Browsing Tag



“Radical” review: 161-182

We are approaching the end of Radical, finally– there’s only one more chapter after this one, and then we’re moving on. On that note, recommendations for the next book review would be wonderful. I’m thinking about tackling a purity culture book this time around– maybe something like I Kissed Dating Goodbye or When God Writes Your Love Story? Is there a book that’s really popular in purity culture circles today?

Today’s chapter of Radical— “Living When Dying is Gain”– is one of the few chapters where I agree with the starting premise. It’s happened a handful of times through this reading (more often than any other book I’ve reviewed with the exception of Zimzum, I should note), but each time I ultimately disagree with the final conclusion, because David and I are working with very different theological underpinnings.

He focuses this chapter around Matthew 10, which, to be honest, has a bunch of contradictory and perplexing stuff in it. Jesus forbids the disciples from going to Gentiles and says “I do not bring peace but a sword,” but just a few chapters later he condemns those who take up swords. Needless to say, there’s a few things that seem to complicate this chapter that David just breezes right over– most noticeably here:

Out of all the amazing statements in Matthew 10 this one may be … the most important: “Do not be afraid of those who kill the body but cannot kill the soul. Rather, be afraid of the One who can destroy both soul and body in hell.”

… Jesus was telling them–and us–that we need to fear God, not people. God is the ultimate judge, and he holds eternity in his hands. (175)

The problem with this is that even the most cursory glance at the commentaries would tell you that we’ve argued over who exactly “the One” is for centuries. Some say it’s God, some say it’s Satan, and some people argue that it’s neither. But David ignores the contested nature of this verse and the translation difficulties and spends the last seven pages building his argument off this interpretation. Because he personally reads the text as “fear God who can [and will] destroy your soul and body in hell,” he extrapolates from that to argue how we need to see death as the ultimate reward and how this physical existence doesn’t matter (179).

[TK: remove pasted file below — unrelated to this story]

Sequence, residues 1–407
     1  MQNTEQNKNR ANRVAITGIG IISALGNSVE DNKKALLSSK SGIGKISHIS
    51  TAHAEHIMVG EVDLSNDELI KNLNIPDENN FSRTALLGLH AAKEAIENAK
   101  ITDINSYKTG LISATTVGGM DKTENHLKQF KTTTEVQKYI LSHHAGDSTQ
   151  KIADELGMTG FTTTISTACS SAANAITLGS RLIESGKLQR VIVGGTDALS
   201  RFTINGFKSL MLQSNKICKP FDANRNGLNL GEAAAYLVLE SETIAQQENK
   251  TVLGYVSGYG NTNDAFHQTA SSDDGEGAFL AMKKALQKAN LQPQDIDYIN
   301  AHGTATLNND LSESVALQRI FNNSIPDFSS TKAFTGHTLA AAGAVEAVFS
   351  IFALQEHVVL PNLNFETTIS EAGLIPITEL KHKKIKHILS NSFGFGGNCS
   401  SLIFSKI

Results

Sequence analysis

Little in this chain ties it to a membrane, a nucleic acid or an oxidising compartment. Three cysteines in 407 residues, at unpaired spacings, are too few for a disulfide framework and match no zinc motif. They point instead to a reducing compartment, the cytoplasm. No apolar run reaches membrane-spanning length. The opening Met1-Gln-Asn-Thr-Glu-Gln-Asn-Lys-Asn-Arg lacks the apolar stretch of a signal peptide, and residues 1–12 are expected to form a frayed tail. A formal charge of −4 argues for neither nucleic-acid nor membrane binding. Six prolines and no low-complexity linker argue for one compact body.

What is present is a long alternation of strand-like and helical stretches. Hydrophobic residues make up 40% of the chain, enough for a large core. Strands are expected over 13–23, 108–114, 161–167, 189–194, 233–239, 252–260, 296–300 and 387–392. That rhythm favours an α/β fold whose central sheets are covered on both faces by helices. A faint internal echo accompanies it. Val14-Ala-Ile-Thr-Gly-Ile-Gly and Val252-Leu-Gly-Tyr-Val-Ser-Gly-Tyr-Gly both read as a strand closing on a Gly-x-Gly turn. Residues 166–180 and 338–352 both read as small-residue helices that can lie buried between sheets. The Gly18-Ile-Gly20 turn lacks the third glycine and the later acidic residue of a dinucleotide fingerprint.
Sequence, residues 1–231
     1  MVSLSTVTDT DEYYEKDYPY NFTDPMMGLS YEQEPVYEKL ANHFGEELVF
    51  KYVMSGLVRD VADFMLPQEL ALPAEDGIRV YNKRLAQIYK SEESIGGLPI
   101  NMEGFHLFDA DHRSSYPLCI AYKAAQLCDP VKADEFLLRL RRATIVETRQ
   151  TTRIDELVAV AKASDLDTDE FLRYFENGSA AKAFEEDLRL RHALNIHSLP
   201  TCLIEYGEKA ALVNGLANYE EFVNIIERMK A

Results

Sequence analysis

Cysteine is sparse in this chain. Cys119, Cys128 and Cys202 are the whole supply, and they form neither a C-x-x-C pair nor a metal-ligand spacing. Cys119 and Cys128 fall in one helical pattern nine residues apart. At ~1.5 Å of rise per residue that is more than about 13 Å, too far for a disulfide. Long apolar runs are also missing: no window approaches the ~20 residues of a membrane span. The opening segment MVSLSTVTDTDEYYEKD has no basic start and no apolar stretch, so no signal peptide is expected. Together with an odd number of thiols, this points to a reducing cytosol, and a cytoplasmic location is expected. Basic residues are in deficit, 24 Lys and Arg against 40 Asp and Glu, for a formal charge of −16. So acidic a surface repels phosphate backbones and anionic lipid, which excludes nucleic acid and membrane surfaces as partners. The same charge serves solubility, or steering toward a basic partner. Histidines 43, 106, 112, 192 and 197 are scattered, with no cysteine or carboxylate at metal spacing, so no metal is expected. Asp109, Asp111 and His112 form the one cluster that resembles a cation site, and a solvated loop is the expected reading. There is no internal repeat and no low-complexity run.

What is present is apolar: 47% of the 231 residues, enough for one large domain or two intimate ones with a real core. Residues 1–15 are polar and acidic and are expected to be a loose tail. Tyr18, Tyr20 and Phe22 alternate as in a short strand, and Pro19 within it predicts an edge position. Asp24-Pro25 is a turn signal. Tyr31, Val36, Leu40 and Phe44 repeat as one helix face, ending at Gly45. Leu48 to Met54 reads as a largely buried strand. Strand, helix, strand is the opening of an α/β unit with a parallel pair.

Obviously that is where David and I definitely part ways. However, our paths diverged a long while before this because our basic assumptions about Matthew 10 are radically different. He reads the instructions Jesus gave to the apostles there and decided to see it in terms of the Christian missionary movement (175-78). He views Matthew 10 through the lens of missionary biographies and stories about Christian persecution. When he reads Jesus talking about how he’s “sending you out like sheep among wolves,” the way he thinks about it is colored by a life spent reading about Jim Elliot and Fox’s Book of Martyrs.

Except when he says that “It’s Christian history. Persecution and suffering as we see today in the Middle East, Asia, an Africa have marked followers of Christ from the beginning of the church” (168), he’s speaking ethnocentrically. He’s blithely ignoring the “Christian history” of things like the Crusades, or the Protestant campaign against Catholics that frequently led to burning priests. Modernly, Christians spread hate against Muslims that frequently lead to their deaths, to American Muslim homes being destroyed, and their Mosques attacked or defaced. In fact, he does that himself when he says “The tribe was 100 percent Muslim. Talk about sheep in the middle of wolves” (165).

Christians aren’t the only persecuted religious group. Far from it. Buddhists persecute Muslims in Myanmar, atheists are persecuted, sometimes killed, for their lack of belief in many countries, and Muslims persecute Hindus. David is either ignorant of this– something he cannot afford to be considering his work in global missions– or he is deliberately misleading his readers.

He puts forward that “if we really become like Jesus, the world will hate us. Why? Because the world hated him” (167), but he never bothers to ask the question why did they hate Jesus? The traditional evangelical understanding is that people hate Jesus because they don’t want to feel guilty about their sin. They want to live their lives in peace, unbothered by any attempts by Christians to tell them that what they’re doing is wrong and they could go to hell for it. They don’t like feeling convicted, so they hate either Christ or his messenger.